Another issue is whether it's worth offending readers. If you write Urban Fantasy, for example, and you post a review that gives the opinion that Jim Butcher (much beloved by fans) is a hack and a dreadful writer, you will provoke a large number of people to trash your own work. They will follow your career and savage you at every opportunity.

Now, it's nice to stick by one's principles and let the chips fall where they may, but imo it's rather foolish to stir up a hornet's nest unasked and unsolicited.

Amadan
11-03-2010, 08:24 PM
A bad review doesn't have to be nasty and venomous, you know. (Though it doesn't have to not be, either.)

This thread keeps making my jaw drop. I hope the opinions here are not representative.

Perks
11-03-2010, 08:35 PM
A bad review doesn't have to be nasty and venomous, you know. (Though it doesn't have to not be, either.)

This thread keeps making my jaw drop. I hope the opinions here are not representative.Certainly they don't have to be. I had heard stories, though, of career-skewing grudges over bad reviews and wanted to know how many others also had this impression.

My jaw has dropped a time or two in my dealings with the publishing industry. There was a discussion with a big-name agent who said that it was better to lie and say you had read a book - any book mentioned - than to admit you had not. It was recommended that I get very good at 'faking it'. It doesn't matter that there are only 24 hours in a day and that I have two children and a house to run. In certain circles, I'm supposed to have read every book out there.

PhoebeNorth
11-03-2010, 10:18 PM
Certainly they don't have to be. I had heard stories, though, of career-skewing grudges over bad reviews and wanted to know how many others also had this impression.

My jaw has dropped a time or two in my dealings with the publishing industry. There was a discussion with a big-name agent who said that it was better to lie and say you had read a book - any book mentioned - than to admit you had not. It was recommended that I get very good at 'faking it'. It doesn't matter that there are only 24 hours in a day and that I have two children and a house to run. In certain circles, I'm supposed to have read every book out there.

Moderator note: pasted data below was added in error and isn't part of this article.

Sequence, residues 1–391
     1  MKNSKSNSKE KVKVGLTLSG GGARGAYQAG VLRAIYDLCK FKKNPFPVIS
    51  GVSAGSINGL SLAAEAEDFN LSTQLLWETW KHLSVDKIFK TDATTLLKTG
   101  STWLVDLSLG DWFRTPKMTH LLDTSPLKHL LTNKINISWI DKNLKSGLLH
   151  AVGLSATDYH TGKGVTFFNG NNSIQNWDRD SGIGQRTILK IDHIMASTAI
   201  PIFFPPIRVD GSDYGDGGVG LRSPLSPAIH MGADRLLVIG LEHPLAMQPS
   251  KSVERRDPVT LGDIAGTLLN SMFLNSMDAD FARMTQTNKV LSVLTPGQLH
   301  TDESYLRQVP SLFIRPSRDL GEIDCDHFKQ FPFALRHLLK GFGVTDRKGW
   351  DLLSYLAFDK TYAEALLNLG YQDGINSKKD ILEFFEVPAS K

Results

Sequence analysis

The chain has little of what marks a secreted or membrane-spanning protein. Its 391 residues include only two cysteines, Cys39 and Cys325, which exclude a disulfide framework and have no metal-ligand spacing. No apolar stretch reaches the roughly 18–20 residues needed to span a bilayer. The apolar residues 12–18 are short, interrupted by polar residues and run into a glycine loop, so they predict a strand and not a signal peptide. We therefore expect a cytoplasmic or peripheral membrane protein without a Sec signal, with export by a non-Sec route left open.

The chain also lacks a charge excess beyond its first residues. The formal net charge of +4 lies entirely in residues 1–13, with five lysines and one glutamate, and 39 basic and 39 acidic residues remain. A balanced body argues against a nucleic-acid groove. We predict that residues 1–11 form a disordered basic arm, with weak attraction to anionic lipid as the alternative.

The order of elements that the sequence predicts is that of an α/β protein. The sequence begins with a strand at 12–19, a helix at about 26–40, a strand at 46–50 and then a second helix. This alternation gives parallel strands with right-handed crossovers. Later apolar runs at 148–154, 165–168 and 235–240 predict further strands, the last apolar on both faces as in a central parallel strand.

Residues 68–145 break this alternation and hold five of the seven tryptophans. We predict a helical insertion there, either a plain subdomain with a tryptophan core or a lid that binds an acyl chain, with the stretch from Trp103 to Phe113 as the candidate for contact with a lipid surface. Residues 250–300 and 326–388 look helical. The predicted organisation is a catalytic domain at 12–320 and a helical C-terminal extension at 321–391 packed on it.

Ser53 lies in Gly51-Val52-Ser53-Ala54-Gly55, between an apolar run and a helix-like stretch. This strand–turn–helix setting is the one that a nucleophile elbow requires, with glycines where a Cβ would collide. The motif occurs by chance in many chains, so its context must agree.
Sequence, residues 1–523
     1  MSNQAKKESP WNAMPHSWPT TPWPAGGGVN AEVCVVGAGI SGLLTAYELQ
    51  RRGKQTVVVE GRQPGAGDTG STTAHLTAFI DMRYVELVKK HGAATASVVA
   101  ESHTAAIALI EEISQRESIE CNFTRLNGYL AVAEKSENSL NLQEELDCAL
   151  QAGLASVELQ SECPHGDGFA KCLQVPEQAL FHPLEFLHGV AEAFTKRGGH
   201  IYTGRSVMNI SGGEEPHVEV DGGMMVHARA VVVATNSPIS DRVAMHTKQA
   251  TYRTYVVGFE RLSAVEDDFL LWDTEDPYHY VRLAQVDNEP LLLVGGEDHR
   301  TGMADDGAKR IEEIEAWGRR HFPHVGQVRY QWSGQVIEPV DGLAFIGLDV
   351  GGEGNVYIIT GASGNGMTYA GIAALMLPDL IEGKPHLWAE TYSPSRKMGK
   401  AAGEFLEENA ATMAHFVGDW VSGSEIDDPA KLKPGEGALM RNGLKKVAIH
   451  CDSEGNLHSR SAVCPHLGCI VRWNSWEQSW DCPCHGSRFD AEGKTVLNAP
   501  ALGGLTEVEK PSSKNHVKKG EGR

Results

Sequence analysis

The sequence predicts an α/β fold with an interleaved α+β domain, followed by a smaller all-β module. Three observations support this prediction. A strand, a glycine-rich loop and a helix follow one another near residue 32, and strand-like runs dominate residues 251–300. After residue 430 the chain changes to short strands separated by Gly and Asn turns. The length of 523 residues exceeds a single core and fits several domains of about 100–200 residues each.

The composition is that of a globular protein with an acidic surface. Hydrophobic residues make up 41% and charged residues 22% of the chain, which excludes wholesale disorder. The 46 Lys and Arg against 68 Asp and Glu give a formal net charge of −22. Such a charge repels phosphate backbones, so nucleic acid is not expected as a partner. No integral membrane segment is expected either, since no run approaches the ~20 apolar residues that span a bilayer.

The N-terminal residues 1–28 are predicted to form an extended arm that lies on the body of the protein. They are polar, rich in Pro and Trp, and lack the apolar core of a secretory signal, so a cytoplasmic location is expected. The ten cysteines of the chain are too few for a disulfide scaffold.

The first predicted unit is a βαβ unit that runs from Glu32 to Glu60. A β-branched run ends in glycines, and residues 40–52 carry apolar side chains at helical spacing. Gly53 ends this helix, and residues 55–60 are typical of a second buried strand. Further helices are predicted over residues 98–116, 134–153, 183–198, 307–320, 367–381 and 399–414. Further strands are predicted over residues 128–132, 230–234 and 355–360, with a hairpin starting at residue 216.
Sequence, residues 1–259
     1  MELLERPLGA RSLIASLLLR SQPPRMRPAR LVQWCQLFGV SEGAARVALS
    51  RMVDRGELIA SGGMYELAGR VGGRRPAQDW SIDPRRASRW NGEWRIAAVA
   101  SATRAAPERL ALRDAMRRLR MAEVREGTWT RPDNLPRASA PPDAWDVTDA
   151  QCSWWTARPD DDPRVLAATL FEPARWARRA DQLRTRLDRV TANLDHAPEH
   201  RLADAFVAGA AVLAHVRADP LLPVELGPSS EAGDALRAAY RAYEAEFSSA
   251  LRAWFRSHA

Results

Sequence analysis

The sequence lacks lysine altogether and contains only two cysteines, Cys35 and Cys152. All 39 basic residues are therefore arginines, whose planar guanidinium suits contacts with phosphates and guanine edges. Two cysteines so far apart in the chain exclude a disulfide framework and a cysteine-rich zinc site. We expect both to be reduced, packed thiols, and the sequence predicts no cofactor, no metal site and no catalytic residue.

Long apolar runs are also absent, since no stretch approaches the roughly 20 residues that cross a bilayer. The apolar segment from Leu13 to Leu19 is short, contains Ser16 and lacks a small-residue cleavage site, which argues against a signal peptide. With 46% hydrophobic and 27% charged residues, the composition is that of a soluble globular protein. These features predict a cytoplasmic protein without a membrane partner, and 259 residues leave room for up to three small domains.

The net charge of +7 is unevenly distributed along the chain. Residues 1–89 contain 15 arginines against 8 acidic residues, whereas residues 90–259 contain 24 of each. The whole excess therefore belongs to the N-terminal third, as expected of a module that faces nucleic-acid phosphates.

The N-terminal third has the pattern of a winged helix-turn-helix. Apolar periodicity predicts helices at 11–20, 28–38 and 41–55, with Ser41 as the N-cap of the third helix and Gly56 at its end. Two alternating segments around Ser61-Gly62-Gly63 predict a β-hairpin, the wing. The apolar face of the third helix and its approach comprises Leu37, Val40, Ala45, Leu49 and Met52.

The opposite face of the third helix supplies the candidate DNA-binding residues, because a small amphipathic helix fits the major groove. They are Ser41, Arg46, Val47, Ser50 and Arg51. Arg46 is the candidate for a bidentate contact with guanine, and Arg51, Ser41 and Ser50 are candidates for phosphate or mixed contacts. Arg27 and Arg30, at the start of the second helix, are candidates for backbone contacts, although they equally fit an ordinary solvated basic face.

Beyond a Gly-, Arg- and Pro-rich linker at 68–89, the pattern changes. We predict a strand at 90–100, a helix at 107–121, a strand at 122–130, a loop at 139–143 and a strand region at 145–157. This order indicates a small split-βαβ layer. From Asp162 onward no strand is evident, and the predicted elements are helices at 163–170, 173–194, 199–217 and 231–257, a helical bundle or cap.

Well, I'm coming from the literary poetry world, which can be similarly conciliatory. However, I went to graduate school with William Logan, who is both a poet and a reviewer and frequently skewers (really, talk about snark!) other poets. And it's impacted his career in some ways (uh . . . one Pulitzer winner threatened to beat him up), but he's also had his fair share of success.

I think a lot of it boils down to personal ethics and your own comfort level. And frankly, the concept of dishonest reviewing bothers me far, far more than the idea of getting negative reviews; I feel that it violates the trust between readers, who have faith in the opinions of authors they enjoy, and the author writing a review. I wouldn't lie about what I've read, either, though. I did plenty of that in graduate school and it made me feel skeevy and insecure about my tastes and knowledge. I'd much rather have an honest, passionate discussion with an agent about what I have read lately than make something up.

And again, I realize that my honesty might work against me in this business, but if it's not a world where frank expression of one's thoughts isn't valued, I might as well go back to my desk job.

PhoebeNorth
11-03-2010, 10:20 PM
Another issue is whether it's worth offending readers. If you write Urban Fantasy, for example, and you post a review that gives the opinion that Jim Butcher (much beloved by fans) is a hack and a dreadful writer, you will provoke a large number of people to trash your own work. They will follow your career and savage you at every opportunity.

Now, it's nice to stick by one's principles and let the chips fall where they may, but imo it's rather foolish to stir up a hornet's nest unasked and unsolicited.

People on GoodReads are asking for other readers' opinions, and we're readers, too.

As for people trashing my own work, if they're talking about my work on the internet, by all means, trash away. It's better marketing than, I don't know, a book trailer. I've bought more than one book based on a negative review.

Little Red Barn
11-03-2010, 10:37 PM
[QUOTE=Irysangel;5476151]

I once made a snotty comment about another author's cover (back before I was published) and it is still dogging me several years down the line. It was a choice I made, but I ended up regretting it, because I cared far, far less about that author's cover than she and her friends did (heh). I forgot it, but they did not. People have long memories when they are insulted...or when they think they are.

QUOTE]

It's reasons like this, I no longer go there. An author has absolute no say over final cover art.

Perks, you're super bright, bb, I wouldn't worry. x0

Toothpaste
11-03-2010, 10:42 PM